Here’s Druckenmiller on using the big bet philosophy (emphasis mine):
The first thing I heard when I got in the business, not from my mentor, was bulls make money, bears make money, and pigs get slaughtered. I’m here to tell you I was a pig. And I strongly believe the only way to make long-term returns in our business that are superior is by being a pig. I think diversification and all the stuff they’re teaching at business school today is probably the most misguided concept everywhere. And if you look at all the great investors that are as different as Warren Buffett, Carl Icahn, Ken Langone, they tend to be very, very concentrated bets. They see something, they bet it, and they bet the ranch on it. And that’s kind of the way my philosophy evolved, which was if you see – only maybe one or two times a year do you see something that really, really excites you… The mistake I’d say 98% of money managers and individuals make is they feel like they got to be playing in a bunch of stuff. And if you really see it, put all your eggs in one basket and then watch the basket very carefully.
A lot of wisdom in that paragraph. To earn superior long-term returns you have to be willing to bet big when your conviction is high. And the corollary is that you need to protect your capital by not wasting it on a “bunch of stuff” you don’t have much conviction on.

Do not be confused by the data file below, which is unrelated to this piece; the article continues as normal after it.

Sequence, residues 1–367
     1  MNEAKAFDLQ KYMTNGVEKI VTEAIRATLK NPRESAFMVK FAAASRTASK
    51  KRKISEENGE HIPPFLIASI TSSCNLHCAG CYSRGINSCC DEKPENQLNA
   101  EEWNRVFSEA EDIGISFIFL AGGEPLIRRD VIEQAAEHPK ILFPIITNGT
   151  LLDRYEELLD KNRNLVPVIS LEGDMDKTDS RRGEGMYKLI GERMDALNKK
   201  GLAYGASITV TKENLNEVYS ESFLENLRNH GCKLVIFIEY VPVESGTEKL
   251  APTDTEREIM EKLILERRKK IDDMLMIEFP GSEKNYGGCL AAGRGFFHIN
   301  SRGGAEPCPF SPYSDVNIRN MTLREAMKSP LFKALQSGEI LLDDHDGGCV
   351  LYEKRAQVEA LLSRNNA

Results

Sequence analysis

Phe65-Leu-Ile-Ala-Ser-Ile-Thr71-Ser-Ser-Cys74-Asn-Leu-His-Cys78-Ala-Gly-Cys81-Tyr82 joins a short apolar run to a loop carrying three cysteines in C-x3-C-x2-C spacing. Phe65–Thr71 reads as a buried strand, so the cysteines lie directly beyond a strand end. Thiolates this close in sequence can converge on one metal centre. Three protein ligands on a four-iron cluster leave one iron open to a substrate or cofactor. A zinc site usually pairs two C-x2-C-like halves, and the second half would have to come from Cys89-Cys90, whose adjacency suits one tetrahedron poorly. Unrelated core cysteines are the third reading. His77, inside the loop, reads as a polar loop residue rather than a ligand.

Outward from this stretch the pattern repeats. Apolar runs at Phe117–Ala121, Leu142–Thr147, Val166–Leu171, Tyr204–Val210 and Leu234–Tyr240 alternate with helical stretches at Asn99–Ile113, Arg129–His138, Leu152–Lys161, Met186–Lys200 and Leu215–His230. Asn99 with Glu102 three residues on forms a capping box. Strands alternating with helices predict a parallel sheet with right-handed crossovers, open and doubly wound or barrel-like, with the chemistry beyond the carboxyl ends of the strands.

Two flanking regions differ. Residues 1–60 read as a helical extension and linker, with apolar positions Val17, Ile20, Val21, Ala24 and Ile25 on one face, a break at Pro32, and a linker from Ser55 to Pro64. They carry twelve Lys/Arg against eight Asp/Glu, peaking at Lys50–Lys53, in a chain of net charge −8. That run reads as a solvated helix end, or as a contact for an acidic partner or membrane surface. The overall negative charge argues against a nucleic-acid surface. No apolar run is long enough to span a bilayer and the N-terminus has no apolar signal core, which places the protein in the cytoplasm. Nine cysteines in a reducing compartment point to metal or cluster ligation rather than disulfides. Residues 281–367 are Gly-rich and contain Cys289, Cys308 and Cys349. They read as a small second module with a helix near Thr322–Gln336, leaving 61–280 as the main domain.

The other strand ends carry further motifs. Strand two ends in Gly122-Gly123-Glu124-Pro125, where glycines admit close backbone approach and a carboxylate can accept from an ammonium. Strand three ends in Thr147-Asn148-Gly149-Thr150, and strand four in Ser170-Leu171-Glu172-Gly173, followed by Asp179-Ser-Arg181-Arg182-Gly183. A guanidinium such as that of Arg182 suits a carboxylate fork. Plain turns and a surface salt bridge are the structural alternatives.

This reminds me of what Seth Klarman wrote in his book Margin of Safety:
Avoiding loss should be the primary goal of every investor. This does not mean that investors should never incur the risk of any loss at all. Rather “don’t lose money” means that over several years an investment portfolio should not be exposed to appreciable loss of capital. While no one wishes to incur losses, you couldn’t prove it from an examination of the behavior of most investors and speculators. The speculative urge that lies within most of us is strong; the prospect of free lunch can be compelling, especially when others have already seemingly partaken. It can be hard to concentrate on losses when others are greedily reaching for gains and your broker is on the phone offering shares in the latest “hot” initial public offering. Yet the avoidance of loss is the surest way to ensure a profitable outcome.
You need to keep your powder dry so that when the stars align you can go for the jugular and turkey neck that son of a gun.
The importance of striking when the iron is hot is something Druckenmiller learned while trading for George Soros.
I’ve learned many things from [George Soros], but perhaps the most significant is that it’s not whether you’re right or wrong that’s important, but how much money you make when you’re right and how much you lose when you’re wrong. The few times that Soros has ever criticized me was when I was really right on a market and didn’t maximize the opportunity.
An intense focus on capital preservation coupled with a big bet approach is the barbell philosophy used by many of the greats.
Keeping your losses small and pushing your winners hard is the name of the game in profitable speculation.